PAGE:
Farrell in Oliver Stone’s ‘Alexander’ (Warner Bros)
Farrell in Oliver Stone’s ‘Alexander’ (Warner Bros)

One of the pivotal films in Farrell’s re-emergence was Martin McDonagh’s In Bruges (2008). It’s a darkly funny, highly original gangster yarn which unfolds in the most unlikely setting imaginable: a sleepy Belgian town, which plays host to Farrell’s assassin Ray after he’s sent there to “await instructions” after a job. As in so many of the actor’s best performances, he combines charm, menace and plenty of blarney. He also has a gift for understatement. “I didn’t even know where Bruges f***ing was,” Ray says in the voice-over that opens the movie, before he falls silent for several moments. “It’s in Belgium,” he adds nonchalantly.

Farrell was cast opposite Brendan Gleeson, one of Irish cinema’s most formidable character actors, and yet easily held his own. The two men are like a comedy double act. Gleeson’s character Ken relishes being in a fine old medieval city like Bruges and “quietly” seeing the sights. Farrell’s character behaves as if it’s the last place on earth he wanted to end up. His main interests are drinking and sex. His business is murder. “So what do you do, Raymond?” Clémence Poésy’s Chloe asks when they go on a date together. “I shoot people for money,” he replies without batting an eyelid, as if it’s the most natural answer in the world. Farrell’s Ray can be intimidating in his own Roy Keane-like way. He is a psychopath but a very likeable one. He can kill priests and children and still retain an audience’s sympathy.

Having so often tackled alpha male types, Farrell clearly relishes portraying very different types of men, notably in his strange and surrealistic films with the visionary Greek director, Yorgos Lanthimos. “Yorgos is really interested in thinking of actors in unexpected parts,” recalls Lanthimos’ producing partner Ed Guiney. “It was very much his idea to approach Colin for The Lobster.” He and Lanthimos ended up being deeply impressed by the actor. “The thing that is really distinguishing about Colin is his intelligence. He’s an incredibly bright man, very thoughtful, and an extremely low-key person, which sometimes belies the reputation he had as a younger man. There is also something about how Colin responds to Yorgos’ and [screenwriter] Efthymis Filippou’s dialogue. He’s able to work with it in an interesting way. It’s really idiosyncratic what they do. They write in Greek and then it gets translated into English… it’s quite theatrical and stylish and Colin can live in that world quite beautifully.”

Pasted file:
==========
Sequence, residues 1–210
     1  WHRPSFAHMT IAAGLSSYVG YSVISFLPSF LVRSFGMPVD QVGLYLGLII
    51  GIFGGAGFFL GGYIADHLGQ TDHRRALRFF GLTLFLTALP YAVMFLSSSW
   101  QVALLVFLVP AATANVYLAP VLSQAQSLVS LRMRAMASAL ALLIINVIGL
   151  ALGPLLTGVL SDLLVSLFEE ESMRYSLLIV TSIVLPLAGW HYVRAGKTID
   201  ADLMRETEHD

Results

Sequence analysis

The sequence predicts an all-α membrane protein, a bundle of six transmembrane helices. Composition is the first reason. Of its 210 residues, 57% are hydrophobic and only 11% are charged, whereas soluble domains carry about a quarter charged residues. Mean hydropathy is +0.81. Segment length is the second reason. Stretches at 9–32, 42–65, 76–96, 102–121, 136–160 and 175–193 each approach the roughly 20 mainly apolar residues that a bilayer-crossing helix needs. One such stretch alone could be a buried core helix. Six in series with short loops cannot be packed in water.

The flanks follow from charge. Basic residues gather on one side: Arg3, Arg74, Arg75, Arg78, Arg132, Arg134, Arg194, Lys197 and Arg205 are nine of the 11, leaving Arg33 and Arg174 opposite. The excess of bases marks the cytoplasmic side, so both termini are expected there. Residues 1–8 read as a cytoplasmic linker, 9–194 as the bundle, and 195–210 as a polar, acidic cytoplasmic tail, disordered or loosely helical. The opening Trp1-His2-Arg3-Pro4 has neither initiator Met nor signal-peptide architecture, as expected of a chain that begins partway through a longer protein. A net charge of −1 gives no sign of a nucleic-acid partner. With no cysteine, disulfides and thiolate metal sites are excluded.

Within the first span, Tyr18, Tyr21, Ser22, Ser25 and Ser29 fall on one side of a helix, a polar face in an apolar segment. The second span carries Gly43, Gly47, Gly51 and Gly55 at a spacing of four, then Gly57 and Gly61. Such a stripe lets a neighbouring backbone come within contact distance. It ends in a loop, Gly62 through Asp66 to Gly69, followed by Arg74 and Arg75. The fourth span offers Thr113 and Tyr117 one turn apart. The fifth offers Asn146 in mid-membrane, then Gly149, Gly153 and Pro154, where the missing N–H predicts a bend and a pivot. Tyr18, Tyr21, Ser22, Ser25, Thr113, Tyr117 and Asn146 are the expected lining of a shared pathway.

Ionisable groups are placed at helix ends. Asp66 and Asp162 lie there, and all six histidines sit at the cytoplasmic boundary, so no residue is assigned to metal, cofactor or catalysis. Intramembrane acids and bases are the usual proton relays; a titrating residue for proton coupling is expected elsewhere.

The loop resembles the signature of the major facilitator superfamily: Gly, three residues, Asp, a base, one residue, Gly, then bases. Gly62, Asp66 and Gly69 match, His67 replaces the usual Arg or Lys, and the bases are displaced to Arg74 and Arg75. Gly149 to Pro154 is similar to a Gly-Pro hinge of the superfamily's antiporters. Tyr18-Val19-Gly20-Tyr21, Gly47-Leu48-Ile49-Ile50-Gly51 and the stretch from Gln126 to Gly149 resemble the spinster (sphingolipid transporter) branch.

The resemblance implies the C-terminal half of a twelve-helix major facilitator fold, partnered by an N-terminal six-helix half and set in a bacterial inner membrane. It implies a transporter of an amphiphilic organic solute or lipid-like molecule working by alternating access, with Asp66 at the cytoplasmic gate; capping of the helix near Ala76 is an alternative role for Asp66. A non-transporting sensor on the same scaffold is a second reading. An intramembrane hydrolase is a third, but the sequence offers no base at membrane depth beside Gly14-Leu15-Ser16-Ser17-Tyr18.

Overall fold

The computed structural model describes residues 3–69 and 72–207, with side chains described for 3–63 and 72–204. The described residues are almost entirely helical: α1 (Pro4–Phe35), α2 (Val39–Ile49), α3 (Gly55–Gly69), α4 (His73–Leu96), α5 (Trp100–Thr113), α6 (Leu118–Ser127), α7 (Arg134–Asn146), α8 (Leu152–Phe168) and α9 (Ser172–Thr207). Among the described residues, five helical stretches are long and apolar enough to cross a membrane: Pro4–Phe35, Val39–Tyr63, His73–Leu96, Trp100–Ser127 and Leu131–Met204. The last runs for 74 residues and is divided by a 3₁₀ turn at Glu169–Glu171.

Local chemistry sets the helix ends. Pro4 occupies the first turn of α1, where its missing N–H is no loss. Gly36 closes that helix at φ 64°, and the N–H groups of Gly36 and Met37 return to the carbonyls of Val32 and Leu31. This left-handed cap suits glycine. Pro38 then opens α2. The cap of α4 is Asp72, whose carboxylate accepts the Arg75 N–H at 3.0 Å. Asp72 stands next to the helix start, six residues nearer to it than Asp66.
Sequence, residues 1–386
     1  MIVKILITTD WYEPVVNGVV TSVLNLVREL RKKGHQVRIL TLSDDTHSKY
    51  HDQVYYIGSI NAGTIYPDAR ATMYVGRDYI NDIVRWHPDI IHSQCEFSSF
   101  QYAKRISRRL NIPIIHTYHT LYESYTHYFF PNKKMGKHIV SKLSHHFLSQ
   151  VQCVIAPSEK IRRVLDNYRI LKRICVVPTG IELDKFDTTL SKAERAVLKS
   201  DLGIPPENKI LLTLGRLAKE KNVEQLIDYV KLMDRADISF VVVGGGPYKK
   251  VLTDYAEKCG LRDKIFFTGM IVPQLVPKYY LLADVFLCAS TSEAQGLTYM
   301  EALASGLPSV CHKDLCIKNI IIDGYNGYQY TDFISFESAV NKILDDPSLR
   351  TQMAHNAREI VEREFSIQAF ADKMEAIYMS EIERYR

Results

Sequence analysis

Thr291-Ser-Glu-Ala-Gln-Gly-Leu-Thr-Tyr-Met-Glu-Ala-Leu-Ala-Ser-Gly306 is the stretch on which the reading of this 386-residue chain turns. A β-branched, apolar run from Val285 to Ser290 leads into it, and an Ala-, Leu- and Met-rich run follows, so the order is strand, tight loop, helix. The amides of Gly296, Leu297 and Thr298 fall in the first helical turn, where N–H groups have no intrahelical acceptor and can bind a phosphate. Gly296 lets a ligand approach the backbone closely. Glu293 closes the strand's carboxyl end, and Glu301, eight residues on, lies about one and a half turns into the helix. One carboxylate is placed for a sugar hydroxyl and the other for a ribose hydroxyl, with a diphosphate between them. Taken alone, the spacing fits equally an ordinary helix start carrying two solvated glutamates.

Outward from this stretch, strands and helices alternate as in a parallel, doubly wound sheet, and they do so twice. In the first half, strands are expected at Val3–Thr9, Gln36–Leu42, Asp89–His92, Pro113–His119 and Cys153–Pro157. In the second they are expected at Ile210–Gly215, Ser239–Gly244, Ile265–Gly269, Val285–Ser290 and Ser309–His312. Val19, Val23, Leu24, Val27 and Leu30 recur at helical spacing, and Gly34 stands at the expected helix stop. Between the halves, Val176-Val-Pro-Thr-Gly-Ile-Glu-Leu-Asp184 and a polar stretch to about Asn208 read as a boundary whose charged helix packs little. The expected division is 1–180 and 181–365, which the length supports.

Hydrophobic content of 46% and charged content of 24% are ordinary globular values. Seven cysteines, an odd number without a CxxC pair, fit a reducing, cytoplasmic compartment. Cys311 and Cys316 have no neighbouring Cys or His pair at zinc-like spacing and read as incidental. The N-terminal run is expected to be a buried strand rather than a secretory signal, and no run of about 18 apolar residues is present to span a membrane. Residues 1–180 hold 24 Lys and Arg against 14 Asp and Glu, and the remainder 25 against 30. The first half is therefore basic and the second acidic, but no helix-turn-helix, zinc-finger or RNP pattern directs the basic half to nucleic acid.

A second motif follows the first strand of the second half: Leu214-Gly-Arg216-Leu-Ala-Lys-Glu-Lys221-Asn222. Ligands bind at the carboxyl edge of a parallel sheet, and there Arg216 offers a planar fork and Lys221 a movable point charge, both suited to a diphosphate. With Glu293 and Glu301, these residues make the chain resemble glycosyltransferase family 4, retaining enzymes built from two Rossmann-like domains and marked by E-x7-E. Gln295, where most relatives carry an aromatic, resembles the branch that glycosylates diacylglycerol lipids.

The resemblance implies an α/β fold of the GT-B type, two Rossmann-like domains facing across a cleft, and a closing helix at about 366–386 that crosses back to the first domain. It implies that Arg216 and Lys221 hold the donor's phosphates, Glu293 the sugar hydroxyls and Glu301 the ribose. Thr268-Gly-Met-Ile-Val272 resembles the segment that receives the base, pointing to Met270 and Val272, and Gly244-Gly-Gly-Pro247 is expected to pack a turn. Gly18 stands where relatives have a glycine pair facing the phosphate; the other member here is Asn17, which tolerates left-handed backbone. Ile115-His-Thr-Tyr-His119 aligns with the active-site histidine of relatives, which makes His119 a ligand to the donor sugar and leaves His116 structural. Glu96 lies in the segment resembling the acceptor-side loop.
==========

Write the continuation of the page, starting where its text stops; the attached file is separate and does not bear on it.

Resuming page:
In The Killing of a Sacred Deer, Farrell is cast as a quietly spoken middle-class surgeon whose world comes tumbling down around him. In The Lobster, he plays David, a plump, repressed, socially awkward figure who has come to a remote hotel in the hope of finding a mate. If he fails to do so within the required time, he will turn into an animal. He at least gets to choose which one. (His preference is for a lobster, because it lives for such a long time.)

“It’s the most boring performance that will ever be put on film, ever,” was how Farrell summed up his work in it to The New York Times. Boring, though, was just what his role required. It may have been the least animated he’d ever been on screen, but he was still nominated for awards.

Farrell and Rachel Weisz in 2015’s ‘The Lobster’
Farrell and Rachel Weisz in 2015’s ‘The Lobster’

In his mid-forties, Farrell has completed his metamorphosis. The one-time aspiring A-lister with the looks that almost won him a place in Boyzone has turned into a fully fledged character actor. He now works as frequently in independent films as in studio movies. Having played the Penguin in The Batman, the actor is set to reprise the role both in sequels and in his own spin-off TV series.

Traces of the old roisterer remain. Commentators couldn’t help but notice the way he charmingly showered Blonde star Ana de Armas with praise before his Globes acceptance speech, telling her she was “extraordinary” as Marilyn Monroe. He also showed his gallant side, escorting The White Lotus star Jennifer Coolidge to the stage when she went up to receive her Best Supporting Actress award.

“I love you for your brilliance on screen and your kindness off screen,” Banshees director McDonagh told Farrell when he picked one of his own awards that same night. Kindness wasn’t a trait anyone associated with Farrell in his hellraising days. There’s an obvious irony in the course his career has taken. In reinventing himself as a character actor and taking ever more offbeat roles, he has ended up an even bigger star than when he started.

‘The Banshees of Inisherin’ is streaming on Disney+ now